You know that moment when you are running lines in the comfort of your own home, maybe with your beloved or best friend or by yourself, and the synapses are all firing at once and you wish — you know — THIS is the performance you can give? Because you completely let go, you forget anyone is watching and you soar? That is how recording feels.

Lenne at the mic.
Lenne at the mic.

I pretend it’s just me, the mic, and my imagination. Something takes over; the power of the lyric or the soaring of a guitar lick. I become transported and a conduit for the song. It feels like the muse flows right through me. It’s that same feeling that I get when, on the best of nights onstage, you don’t even know what is quite happening, the play is simply happening to you, because you now know it like the back of your hand, (like your favorite smoothie recipe, like the smell of his hair, like that play you devoured) and you also know you have the reins. There is no editing or self-judgement in those moments; just artistic cohesion. They really are quite similar.

My album developed over the course of a few years; it grew, and then edited itself down. And though many snags were hit, all made me stronger, all emboldened the voice. It wasn’t until I went to Nashville to mix with Neilson Hubbard, that I called on this voice and asked for all her might. She needed to step out of the privacy of the recording booth, listen to herself, and then defend the shit out of herself. Make her better, hold her. love her, advocate for her, edit her, cut her, and champion her. I was terrified; I didn’t know definitively how I would handle those sessions. Would I explain myself well? Would I sound like I knew what I was talking about? Were my ideas cool? Did my hair look good? I knew it was a huge step for me — to take my craft and hone it, shine it, and treat it like my art. And I did. I was pretty stunned how fast I took over in the driver’s seat (the one in front of all those crazy beautiful machines) and listened. And asked for what I needed, what I WANTED. Sometimes demand what I wanted, sometimes compromise, and many times find that beautiful Neverland in the town of Collaboration.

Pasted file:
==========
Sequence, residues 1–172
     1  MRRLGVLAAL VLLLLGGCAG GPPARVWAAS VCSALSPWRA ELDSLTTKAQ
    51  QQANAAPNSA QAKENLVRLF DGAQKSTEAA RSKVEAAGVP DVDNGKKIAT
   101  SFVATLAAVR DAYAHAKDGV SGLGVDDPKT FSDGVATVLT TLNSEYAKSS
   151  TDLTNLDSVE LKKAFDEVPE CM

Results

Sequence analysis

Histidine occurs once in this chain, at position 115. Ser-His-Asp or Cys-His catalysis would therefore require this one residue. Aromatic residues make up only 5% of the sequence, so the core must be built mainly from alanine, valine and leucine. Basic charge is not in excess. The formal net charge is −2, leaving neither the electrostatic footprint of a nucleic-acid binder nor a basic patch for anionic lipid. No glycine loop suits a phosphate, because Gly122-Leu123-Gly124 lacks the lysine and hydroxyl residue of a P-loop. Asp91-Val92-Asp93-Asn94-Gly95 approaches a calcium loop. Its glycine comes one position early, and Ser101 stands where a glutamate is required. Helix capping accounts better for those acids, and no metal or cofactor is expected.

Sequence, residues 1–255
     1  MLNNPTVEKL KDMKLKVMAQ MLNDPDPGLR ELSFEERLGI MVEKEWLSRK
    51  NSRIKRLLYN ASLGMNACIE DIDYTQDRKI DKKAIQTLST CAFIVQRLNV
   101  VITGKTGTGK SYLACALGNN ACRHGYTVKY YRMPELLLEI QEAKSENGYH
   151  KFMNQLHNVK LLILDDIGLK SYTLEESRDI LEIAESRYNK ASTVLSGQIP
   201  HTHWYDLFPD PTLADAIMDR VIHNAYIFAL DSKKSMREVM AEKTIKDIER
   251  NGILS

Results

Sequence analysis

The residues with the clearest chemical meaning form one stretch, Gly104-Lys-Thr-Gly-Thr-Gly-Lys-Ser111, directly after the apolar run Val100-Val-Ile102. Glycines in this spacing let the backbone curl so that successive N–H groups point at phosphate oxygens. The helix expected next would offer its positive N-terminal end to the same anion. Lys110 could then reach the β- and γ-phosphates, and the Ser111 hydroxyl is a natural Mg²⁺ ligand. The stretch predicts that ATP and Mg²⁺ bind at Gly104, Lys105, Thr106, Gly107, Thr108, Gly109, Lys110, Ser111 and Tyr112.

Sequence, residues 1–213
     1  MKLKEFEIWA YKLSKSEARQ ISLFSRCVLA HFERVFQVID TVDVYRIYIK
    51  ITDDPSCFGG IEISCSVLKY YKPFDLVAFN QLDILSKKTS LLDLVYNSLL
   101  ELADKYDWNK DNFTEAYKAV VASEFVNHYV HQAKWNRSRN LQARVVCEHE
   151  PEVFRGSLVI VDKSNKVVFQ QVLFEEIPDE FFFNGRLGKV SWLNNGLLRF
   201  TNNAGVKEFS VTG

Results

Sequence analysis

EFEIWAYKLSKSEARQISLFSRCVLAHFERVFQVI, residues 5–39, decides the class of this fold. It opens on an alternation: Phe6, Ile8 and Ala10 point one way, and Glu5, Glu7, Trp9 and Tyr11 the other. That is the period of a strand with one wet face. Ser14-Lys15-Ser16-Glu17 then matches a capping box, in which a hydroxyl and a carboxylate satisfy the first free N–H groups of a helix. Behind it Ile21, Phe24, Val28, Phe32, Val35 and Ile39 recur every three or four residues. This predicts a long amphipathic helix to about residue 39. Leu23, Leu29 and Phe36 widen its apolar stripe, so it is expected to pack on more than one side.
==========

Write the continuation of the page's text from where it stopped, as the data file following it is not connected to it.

In the recording studio.
In the recording studio, one of Lenne’s many islands in the Neverland of Collaboration.

All this is to say, we each have many voices. We may go through training of some kind to hone one or more of them, but ultimately what makes us good artists is our multitude of interests, desires, voices we have to share. I needed to make this album, to realize that though one of my Voices is strong and well-used, it doesn’t mean I can’t use the other(s). Those Voices, be they behind a camera, pen to paper, social justice, fashion, horticulture, (who knows?) make us who we are. And I have a hunch that once these voices start talking amongst themselves, that’s when our most authentic artistic identities will emerge. The more we continue to listen, the more they will flourish. And that’s where the magic will happen. And that’s why we do what we do.

I leave you with this: What if we listened to these little voices? The ones that want to be heard but we fear might fail us if we do. What if we dared to be our most authentic selves, on stage and off? What are all the parts of you, the many voices, that you want to explore?

Actor Lenne Klingaman stretching her artist self and embarking upon new territory. Credit: RayNeutron photography.
Actor Lenne Klingaman stretching her inner artist and embarking upon new territory. Credit: RayNeutron photography.